ZnO Nanoparticles: Synthesis, ..
The toxicity of nanoparticulate ZnO to freshwater algae is due to soluble zinc from ZnO dissolution rather than any characteristic related to particle size.
Synthesis and Growth of ZnO Nanoparticles - The Journal …
(A) Low-magnification SEM image of the as-synthesizedZnO nanorings. (B) High magnification SEM image of a freestandingsingle-crystal ZnO nanoring, showing uniform and perfect geometricalshape. The ring diameter is 1 to 4 m, the thickness of the ring is 10to 30 nm, and the width of the ring shell is 0.2 to 1 m.
Synthesis and Growth of ZnO Nanoparticles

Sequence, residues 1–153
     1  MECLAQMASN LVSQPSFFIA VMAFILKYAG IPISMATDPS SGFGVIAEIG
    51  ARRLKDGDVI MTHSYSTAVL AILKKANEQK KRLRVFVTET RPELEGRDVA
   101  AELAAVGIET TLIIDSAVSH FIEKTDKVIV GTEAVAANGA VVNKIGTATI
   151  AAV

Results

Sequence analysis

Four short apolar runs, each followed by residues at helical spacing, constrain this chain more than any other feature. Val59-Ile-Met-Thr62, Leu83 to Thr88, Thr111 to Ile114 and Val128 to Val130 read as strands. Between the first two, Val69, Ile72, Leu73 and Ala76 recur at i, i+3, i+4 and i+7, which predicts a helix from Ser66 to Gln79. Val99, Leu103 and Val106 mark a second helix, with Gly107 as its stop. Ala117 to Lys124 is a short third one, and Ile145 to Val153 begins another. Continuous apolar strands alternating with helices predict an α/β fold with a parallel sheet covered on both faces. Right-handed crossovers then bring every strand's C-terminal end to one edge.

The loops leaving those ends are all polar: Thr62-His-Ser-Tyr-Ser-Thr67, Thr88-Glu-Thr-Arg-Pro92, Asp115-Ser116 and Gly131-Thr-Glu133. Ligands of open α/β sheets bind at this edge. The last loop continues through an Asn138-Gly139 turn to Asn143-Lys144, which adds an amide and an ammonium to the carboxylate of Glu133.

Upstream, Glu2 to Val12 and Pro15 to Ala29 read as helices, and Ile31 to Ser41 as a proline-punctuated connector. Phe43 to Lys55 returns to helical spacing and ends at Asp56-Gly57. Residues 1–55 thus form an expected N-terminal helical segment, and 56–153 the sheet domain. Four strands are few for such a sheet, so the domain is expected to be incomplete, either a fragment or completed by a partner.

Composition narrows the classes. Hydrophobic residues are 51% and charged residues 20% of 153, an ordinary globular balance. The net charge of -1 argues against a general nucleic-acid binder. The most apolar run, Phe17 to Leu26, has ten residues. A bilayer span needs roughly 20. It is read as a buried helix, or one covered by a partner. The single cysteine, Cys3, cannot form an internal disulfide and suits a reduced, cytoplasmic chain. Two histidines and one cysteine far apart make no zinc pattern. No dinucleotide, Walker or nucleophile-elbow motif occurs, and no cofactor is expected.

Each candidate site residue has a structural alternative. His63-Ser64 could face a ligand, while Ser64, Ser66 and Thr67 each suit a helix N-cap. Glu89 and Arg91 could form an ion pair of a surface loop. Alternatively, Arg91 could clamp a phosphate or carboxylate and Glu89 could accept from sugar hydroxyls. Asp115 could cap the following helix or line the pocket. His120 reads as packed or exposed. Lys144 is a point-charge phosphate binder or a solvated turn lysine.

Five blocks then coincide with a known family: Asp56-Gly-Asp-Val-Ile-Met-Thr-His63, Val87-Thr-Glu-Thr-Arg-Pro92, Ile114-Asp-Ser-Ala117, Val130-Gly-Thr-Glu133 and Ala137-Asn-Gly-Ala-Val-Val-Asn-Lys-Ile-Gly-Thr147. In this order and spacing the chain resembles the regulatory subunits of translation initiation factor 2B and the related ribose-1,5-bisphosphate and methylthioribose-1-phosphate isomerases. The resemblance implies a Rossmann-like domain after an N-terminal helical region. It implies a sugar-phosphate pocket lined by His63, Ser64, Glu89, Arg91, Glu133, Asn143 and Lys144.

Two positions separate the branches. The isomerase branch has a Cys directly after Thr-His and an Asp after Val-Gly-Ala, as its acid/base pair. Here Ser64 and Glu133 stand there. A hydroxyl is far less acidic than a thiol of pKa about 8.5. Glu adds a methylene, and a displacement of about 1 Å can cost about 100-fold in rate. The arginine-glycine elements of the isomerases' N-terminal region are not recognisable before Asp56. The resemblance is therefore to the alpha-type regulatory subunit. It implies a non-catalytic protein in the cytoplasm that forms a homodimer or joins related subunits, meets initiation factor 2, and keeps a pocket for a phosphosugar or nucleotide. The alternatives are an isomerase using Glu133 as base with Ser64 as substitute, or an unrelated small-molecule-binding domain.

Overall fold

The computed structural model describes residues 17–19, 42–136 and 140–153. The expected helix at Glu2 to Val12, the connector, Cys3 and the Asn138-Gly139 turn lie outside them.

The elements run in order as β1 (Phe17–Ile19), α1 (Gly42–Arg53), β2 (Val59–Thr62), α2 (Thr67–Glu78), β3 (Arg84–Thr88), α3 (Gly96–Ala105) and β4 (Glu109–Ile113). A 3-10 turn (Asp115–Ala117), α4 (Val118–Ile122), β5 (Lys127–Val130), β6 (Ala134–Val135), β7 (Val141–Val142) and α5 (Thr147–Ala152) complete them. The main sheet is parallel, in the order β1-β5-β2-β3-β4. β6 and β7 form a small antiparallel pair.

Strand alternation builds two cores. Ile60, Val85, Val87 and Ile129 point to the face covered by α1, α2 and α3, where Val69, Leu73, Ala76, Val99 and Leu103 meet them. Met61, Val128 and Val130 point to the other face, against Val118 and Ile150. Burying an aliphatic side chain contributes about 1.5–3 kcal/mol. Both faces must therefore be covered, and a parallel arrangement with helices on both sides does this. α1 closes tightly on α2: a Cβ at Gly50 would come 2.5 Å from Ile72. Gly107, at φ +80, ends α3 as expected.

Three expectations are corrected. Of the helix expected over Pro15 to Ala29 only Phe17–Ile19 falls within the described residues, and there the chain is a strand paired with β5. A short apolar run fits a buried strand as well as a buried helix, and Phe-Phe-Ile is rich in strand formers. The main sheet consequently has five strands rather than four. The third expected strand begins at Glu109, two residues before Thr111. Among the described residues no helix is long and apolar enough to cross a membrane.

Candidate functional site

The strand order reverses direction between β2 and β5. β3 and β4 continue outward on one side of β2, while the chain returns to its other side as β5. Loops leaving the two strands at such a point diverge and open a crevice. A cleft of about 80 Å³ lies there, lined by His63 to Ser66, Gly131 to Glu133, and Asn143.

Nanoparticles (NPs) of copper oxide (CuO), zinc oxide (ZnO) and especially nanosilver are intentionally used to fight the undesirable growth of bacteria, fungi and algae. Release of these NPs from consumer and household products into waste streams and further into the environment may, however, pose threat to the ‘non-target’ organisms, such as natural microbes and aquatic organisms. This review summarizes the recent research on (eco)toxicity of silver (Ag), CuO and ZnO NPs. Organism-wise it focuses on key test species used for the analysis of ecotoxicological hazard. For comparison, the toxic effects of studied NPs toward mammalian cells in vitro were addressed. Altogether 317 L(E)C50 or minimal inhibitory concentrations (MIC) values were obtained for algae, crustaceans, fish, bacteria, yeast, nematodes, protozoa and mammalian cell lines. As a rule, crustaceans, algae and fish proved most sensitive to the studied NPs. The median L(E)C50 values of Ag NPs, CuO NPs and ZnO NPs (mg/L) were 0.01, 2.1 and 2.3 for crustaceans; 0.36, 2.8 and 0.08 for algae; and 1.36, 100 and 3.0 for fish, respectively. Surprisingly, the NPs were less toxic to bacteria than to aquatic organisms: the median MIC values for bacteria were 7.1, 200 and 500 mg/L for Ag, CuO and ZnO NPs, respectively. In comparison, the respective median L(E)C50 values for mammalian cells were 11.3, 25 and 43 mg/L. Thus, the toxic range of all the three metal-containing NPs to target- and non-target organisms overlaps, indicating that the leaching of biocidal NPs from consumer products should be addressed.